Dried Fruits

The tradition of preparing dried fruit exists in almost every country. Since the ancient times, the easiest method of preserving fruits for winter was drying them, as at the same time it worked as the best vitamin storage for the colder season of the year. The technology of preparing this product has refined throughout the years and reached its new heights. Popular fruits for drying are plums, apricot, grapes, apples, figs, persimmons, etc. People even dry mulberry in Meskheti and Javakheti regions of Georgia. Dried fruits are used in pilafs, as well as in pastry and meat dishes. 

The basic method of drying is placing fruits outside, in the shadow. In some countries, people dry fruits even in the hot sand. Also, there are special electric devices for drying. In Georgia people used to dry fruits in "thone" (special Georgian bakery). Georgian dried delicacies are grape-juice dipped dried black plums and figs, as well as peach and persimmon with walnut filling. Dried peach with walnut filling is a traditional treat in Armenia and requires some special processing.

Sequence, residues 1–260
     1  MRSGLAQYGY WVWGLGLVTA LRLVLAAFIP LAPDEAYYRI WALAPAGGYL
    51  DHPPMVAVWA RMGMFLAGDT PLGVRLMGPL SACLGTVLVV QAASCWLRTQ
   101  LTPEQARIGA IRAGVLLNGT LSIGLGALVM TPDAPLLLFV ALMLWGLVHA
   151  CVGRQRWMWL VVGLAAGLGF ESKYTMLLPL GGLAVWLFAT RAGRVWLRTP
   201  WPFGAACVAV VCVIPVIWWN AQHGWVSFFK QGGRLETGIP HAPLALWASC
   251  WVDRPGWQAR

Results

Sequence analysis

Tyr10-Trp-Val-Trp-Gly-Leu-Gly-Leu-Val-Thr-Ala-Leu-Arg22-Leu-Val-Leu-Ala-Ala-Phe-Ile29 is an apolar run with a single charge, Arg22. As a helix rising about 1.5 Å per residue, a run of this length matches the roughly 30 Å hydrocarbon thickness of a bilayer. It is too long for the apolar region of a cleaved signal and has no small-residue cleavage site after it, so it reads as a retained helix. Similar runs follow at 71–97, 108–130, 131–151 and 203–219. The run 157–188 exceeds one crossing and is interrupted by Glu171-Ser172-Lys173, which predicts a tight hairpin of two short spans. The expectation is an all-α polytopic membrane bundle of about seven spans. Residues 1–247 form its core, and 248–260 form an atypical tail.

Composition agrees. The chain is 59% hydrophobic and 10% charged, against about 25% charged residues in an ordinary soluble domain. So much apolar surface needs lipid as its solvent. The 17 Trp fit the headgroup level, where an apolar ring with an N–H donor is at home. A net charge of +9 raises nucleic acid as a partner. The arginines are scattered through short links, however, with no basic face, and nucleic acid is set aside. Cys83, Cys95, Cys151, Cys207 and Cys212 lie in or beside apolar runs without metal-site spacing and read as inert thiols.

Dried vegetables are less popular, however, it's known for being delicious and healthy. We can dry eggplant, green beans, tomatoes. Dried tomatoes are frequently used in Italian cuisine – where dried tomatoes are rested in spiced up olive oil with garlic. Tomatoes are also part of various salads and dishes. Kakhetians had recipes for drying tomatoes. They were kept in linen bags and later added to various meals. Eventually, the tradition died out.

Fruits and vegetables both should be placed in a cool, dry place. Avoid drying in humid weather as your fruits may get mould.